On a positive note, I discovered coffee.  Puts quite a buzz in the brain first thing in the morning.  I’ve been going to a place down the street, Sal’s Delicatessen, and getting coffee in the morning.  When I haven’t eaten for a day or two, then I indulge and get a thing called a bagel with a schmear.  Still not sure what the schmear is, but it’s good.

Today, I’m sitting and sipping my coffee while trying to come up with a grand plan to get this thing working, when I see two guys come in and start talking to Sal behind the counter.  I can’t hear what they are saying, but it’s clear that Sal is unhappy. I keep watching and after a few minutes, Sal goes in the back and comes back with an envelope. He gives one of the guys the envelope and they leave.  I hear them say as they go out that they’ll be back tomorrow. I finish my coffee and as I’m headed out, I stop at the counter to talk to Sal.

“Hey, what was that all about?”

Sal glanced over at me and answered, “Nothing.  Thanks for coming in, now mind your own business.”

“What?” I said. “That looked serious.  What was that about?”

I guess Sal must’ve warmed up to me being there every morning, because looked around and said, “It’s a protection racket. They make all us shop owners pay them each week for protection.”

“Protection from what?”

“Protection from them coming and tearing the place up.  Or worse, busting both my kneecaps.”

“Who does this?”

Sal looked around again before whispering, “A guy named Eddie Pastorini.”

“Pastorini?” I said aloud. “Sounds Roman to me.”

Sal shook his head. “No, he’s Italian.  He’s a wanted felon.”

Now I was listening.  “Wanted? Like by the police?  Is there a reward for him?”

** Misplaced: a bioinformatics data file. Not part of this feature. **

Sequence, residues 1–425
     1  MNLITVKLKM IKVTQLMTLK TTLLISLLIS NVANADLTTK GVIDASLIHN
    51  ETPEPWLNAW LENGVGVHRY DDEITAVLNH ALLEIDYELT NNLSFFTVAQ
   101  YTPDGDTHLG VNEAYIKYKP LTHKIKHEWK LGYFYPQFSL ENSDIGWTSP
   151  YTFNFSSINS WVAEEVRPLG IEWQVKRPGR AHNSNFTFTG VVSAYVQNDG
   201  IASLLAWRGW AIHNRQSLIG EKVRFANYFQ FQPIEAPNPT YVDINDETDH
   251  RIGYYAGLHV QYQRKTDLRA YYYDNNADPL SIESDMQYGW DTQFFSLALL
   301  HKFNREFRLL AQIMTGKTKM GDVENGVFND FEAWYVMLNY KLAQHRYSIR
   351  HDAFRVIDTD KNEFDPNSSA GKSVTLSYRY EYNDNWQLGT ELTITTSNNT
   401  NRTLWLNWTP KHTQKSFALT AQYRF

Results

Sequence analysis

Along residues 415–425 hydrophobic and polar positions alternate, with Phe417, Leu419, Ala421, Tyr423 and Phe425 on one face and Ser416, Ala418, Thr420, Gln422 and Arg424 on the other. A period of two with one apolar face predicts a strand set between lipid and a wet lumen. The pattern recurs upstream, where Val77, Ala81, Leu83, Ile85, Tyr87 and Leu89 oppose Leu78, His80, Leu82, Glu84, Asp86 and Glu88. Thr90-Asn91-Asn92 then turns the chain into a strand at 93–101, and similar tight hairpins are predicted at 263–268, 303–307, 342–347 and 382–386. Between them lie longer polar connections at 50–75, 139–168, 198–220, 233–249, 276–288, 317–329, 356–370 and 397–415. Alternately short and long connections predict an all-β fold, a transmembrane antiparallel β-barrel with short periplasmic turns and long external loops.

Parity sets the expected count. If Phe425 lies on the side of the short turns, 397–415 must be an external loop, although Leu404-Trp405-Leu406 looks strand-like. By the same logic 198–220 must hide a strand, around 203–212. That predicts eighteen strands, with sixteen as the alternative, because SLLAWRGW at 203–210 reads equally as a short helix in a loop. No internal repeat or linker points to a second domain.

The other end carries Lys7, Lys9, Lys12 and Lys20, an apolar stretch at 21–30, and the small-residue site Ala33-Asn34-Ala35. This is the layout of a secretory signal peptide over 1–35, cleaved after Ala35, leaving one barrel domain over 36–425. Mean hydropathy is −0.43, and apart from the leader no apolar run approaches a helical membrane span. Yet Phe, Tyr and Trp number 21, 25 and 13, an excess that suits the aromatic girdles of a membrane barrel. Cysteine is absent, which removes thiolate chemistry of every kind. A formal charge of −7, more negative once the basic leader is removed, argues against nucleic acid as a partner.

“Sure, a big one.  Only thing is no one has ever lived to collect it.”

“So, if this Eddie guy was gone, would that make your life easier?”

Sal shrugged. “Maybe, but probably not.  Most likely someone else will just take his place and charge even more.  I mean, there are people running scams like this all over the city.”

That’s when it struck me like a ton of arch-stones.  A plan for exactly how to make the money I need. The idea started in the back of my brain and raced forward, like a cool breeze on the neck, that made me shiver.  I felt startled by the suddenness of it.

“Sal,” I said as I turned back to address him, “what would you and the other business owners think if I said I could get rid your problem?  Specifically, I will get rid of your Eddie problem in exchange for half what he is charging. Then I will make sure you’re protected after that. For me, if I need any of your services, well, I get them for free. Is that a deal?”

Sal looked thoughtful.  “Well, yeah, I suppose. I think I can speak for everyone when I say we would take that deal.  I mean, do we have a choice? But are you gonna take on Eddie by yourself? He’s got fifty guys working for him.”

“Don’t worry about me.  I’ve got backup. Just tell your friends to get their money together.  I also need a list of all the businesses, so I know who everyone is and what everyone does.”